I have written many columns on Rappler since 2016 because I had sensed then, after Omidyar and North Base Media invested in it that year, that the website had metamorphosed from being a platform that supported the regime of President Aquino 3rd (especially his project to remove Chief Justice Renato Corona) to one financed by American interests, and advanced the US imperial worldview in the Philippines.
This was especially so after Duterte openly declared his independence from US vassalage, and drew closer to the superpower in the region that the Americans hate so much, the People’s Republic of China. Rappler has been the main venue for the anti-China views of such personalities as former foreign affairs secretary Alberto del Rosario (whose bungling led to our loss of Panatag Shoal to the Chinese) and Justice Secretary Antonio Carpio, who has been practically saying that China will be invading the country in our lifetime.
This Ressa brouhaha is not about press freedom. It is really the nation’s struggle to free itself from the clutches of the American eagle, as it tries to control in our country even the newest form of mass media, the Internet, which probably would become the most dominant media influencing public opinion.
In response to former Special Assistant to the President Bong Go’s potshot at an unnamed critic, who he said had the gall to criticize President Rodrigo Duterte even if the person wasn’t a Philippine citizen, Ressa tweeted: “Pilipino po — at hindi po tinatago … unlike the fantasies of your minions. Have never hidden my dual nationality. And since I reclaimed my PH citizenship in 2004, I enter & exit the PH getting both passports stamped.”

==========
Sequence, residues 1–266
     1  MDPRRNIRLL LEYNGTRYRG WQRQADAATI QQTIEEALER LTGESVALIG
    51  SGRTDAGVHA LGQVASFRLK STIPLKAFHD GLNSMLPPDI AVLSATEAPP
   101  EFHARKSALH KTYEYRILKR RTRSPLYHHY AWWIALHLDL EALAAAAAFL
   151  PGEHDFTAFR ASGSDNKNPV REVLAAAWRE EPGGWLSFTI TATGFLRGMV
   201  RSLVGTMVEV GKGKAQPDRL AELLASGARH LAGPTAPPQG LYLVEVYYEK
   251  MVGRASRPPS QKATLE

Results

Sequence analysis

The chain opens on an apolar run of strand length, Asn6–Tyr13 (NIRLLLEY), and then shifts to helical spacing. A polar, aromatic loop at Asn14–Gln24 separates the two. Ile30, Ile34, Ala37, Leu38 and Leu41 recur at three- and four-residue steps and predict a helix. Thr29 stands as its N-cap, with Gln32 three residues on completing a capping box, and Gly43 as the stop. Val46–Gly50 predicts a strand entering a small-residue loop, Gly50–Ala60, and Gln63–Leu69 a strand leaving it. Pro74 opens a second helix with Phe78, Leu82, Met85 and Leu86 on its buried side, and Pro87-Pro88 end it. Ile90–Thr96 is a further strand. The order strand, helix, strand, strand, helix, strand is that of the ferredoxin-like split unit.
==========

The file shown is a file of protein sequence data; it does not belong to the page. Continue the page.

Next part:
While she made the tweet a day after my column revealing her US citizenship, Ressa most probably hadn’t read my detailed exposé on her, and therefore thought she could fool people. Her tweet is a total lie.
First, as any dual citizen would know, a traveler can have only one passport stamped here or any port of entry in the world. You might even be arrested if you show two passports indicating your different nationalities in some countries.
Second, and more importantly, my sources had disclosed that since she became a citizen shortly after her family migrated in 1973 to the US, she has been using four US passports, religiously renewing each one after it expired after 10 years. Out of her 500 arrivals and departures in the Philippines, she used a Philippine passport only once — in 2004, after she got to be a Philippine citizen — suspiciously within a week, I was told, after the dual-citizenship law took effect that year.
Was it an expression of patriotism for her to get Filipino citizenship?
ABS-CBN sources claim that she was told by the network’s lawyers to better get Filipino citizenship fast as she was already working as its News Division head for a few months — without the required work permit for a foreigner. The network’s lawyers were also worried that somebody would file a suit as the Constitution not only bars foreign money in a media outfit, but also foreign managers.
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**The original copy of this article appeared in The Manila Times and was re-posted here with the authorization of the Author ***